I have always thought that there is a marine police unit, but they seem to be fast asleep and snoring. Recently, I drove from Epe through Ijebu-Ode. I only came across two RRS patrol vehicles on that axis, with the operatives extorting road users. Basically, the waterways in Lagos are porous and unmanned. It is as if no lessons have been learnt from the rampant and debilitating criminal activities going on around the creeks.
…the current commissioner of police in the state should not create an island of himself. He should constantly rub minds with other stakeholders to proffer the best solution to this growing problem because nobody is a repository of knowledge.
It is pertinent to state that Lagos must change its security architecture. However, it is a sort of relief to see that the Lagos State government recently came up with a strong strategy to curb the menace. The police or the security agencies need to deploy along the coastal lines. The RRS, Operation Mesa, the Navy and others should go on regular patrols. One strange thing is that rather than concentrate on crime bursting, RRS, which is supposed to be a quick response force, is now bogged down with investigation of crimes and all that. They now have an investigation department in Alausa. This is a serious negation of their mandate because the initial vision has been bastardised.
Also, the marine police should be strengthened if they are to make any significant impact. Places like Onikan, Epe, Badagry, Ikorodu, and Gbagada, are where Operation Mesa teams and the RRS should be visible along the coastal line. If you venture to Ajegunle or Okokomaiko today, you don’t notice any patrol vehicle, while their vehicles cluster around Ikoyi, Victoria Island and other highbrow places. Robbers too have been using the creeks to stage attacks in Lekki Phase 1 and other places.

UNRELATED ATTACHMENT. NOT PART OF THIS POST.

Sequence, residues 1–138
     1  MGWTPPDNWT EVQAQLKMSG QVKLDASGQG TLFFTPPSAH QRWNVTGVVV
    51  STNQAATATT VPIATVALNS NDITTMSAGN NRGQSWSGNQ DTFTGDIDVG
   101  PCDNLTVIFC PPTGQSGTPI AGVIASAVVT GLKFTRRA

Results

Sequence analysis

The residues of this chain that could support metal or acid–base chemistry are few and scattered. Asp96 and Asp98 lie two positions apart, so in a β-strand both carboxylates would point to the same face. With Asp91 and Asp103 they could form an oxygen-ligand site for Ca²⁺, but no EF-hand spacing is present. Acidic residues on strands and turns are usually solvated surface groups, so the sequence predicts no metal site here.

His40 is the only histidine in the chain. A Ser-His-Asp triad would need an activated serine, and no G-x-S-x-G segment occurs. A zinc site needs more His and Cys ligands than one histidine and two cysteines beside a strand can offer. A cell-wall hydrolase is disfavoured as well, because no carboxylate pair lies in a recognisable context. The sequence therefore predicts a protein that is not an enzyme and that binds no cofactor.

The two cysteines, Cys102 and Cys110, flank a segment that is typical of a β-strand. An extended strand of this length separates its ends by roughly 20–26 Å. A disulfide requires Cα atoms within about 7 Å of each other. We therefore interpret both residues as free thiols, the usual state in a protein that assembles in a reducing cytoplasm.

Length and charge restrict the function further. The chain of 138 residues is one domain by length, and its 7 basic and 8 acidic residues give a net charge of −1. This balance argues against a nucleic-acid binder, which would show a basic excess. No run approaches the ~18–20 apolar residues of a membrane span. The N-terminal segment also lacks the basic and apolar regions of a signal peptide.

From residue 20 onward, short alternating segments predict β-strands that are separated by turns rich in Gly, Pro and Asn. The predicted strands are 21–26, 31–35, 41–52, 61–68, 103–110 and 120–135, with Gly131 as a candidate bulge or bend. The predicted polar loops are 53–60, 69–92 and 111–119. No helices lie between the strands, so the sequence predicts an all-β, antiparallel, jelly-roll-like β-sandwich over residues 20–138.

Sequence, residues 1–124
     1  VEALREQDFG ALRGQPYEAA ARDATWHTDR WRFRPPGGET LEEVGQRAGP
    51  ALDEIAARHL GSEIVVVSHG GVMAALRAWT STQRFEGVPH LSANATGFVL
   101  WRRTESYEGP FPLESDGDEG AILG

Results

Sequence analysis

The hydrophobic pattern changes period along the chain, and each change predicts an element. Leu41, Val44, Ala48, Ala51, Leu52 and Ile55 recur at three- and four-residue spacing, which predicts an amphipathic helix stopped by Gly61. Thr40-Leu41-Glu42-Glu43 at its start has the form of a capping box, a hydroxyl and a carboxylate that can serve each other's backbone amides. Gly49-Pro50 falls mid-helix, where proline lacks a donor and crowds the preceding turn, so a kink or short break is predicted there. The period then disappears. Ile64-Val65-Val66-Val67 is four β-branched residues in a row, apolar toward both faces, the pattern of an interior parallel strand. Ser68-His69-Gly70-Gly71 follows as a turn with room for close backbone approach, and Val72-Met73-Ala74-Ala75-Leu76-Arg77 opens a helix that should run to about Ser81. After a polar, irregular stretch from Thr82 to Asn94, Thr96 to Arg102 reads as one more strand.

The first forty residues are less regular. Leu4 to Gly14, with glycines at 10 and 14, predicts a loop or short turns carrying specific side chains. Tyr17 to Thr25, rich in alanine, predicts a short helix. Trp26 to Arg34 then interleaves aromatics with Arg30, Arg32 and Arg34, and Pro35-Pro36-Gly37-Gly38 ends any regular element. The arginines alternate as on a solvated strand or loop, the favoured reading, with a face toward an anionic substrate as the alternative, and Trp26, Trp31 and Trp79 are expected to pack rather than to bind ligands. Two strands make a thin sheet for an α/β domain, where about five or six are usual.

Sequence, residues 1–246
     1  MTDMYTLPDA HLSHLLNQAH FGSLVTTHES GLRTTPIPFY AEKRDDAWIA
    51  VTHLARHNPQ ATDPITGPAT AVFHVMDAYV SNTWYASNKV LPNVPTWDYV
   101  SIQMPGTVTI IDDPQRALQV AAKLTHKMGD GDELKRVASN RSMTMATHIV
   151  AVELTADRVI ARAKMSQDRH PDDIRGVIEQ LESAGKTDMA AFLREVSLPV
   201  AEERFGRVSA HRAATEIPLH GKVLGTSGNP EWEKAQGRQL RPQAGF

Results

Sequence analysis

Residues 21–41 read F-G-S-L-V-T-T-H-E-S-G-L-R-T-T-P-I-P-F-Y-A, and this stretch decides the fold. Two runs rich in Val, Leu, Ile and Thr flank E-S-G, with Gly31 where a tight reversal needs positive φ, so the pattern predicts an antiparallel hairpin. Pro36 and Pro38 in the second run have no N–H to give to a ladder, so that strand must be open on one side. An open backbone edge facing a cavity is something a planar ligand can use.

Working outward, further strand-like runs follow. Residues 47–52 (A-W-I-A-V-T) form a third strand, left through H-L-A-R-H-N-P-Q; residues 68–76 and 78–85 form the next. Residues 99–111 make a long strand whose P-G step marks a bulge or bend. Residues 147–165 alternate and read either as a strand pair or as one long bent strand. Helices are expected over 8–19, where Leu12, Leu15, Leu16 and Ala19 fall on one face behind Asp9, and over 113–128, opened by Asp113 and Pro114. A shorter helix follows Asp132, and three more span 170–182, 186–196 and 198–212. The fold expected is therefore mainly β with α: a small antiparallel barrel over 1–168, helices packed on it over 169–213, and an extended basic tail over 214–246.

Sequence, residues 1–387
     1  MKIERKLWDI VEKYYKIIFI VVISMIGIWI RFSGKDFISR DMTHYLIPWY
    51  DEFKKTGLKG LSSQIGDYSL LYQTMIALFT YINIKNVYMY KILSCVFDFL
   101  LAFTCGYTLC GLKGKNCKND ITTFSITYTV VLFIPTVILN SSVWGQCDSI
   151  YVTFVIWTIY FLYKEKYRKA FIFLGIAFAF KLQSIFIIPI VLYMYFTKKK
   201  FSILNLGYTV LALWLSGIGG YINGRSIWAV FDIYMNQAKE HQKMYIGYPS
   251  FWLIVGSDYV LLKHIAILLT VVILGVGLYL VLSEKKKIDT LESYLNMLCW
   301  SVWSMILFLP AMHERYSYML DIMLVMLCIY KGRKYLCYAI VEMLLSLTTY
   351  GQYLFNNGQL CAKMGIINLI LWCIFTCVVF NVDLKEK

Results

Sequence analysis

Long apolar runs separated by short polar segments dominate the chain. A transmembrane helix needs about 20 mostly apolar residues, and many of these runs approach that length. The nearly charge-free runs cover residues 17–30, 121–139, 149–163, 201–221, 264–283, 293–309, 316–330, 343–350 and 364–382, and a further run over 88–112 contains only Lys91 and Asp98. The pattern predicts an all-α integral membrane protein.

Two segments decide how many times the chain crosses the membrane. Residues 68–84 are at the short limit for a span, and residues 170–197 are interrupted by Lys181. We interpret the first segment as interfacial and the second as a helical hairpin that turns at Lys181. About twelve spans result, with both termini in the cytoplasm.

Lagos State should create a good and effective security hub because the state is surrounded by water. These criminals carry out their attacks using the waterways as amphibious landing spots and takeoff points. Therefore, there should be consistent patrols on the stretch of water from Marina to Epe, Ikorodu and other places. Above all, there is the need for security agencies in Lagos to be vigilant. Their welfare also needs to be looked into as some of them are said to be pulling out of the RRS to other formations as a result of the poor welfare package.
Finally, the current commissioner of police in the state should not create an island of himself. He should constantly rub minds with other stakeholders to proffer the best solution to this growing problem because nobody is a repository of knowledge. However, if the situation persists, godfather or no godfather, a change of leadership of the police in the state may become inevitable.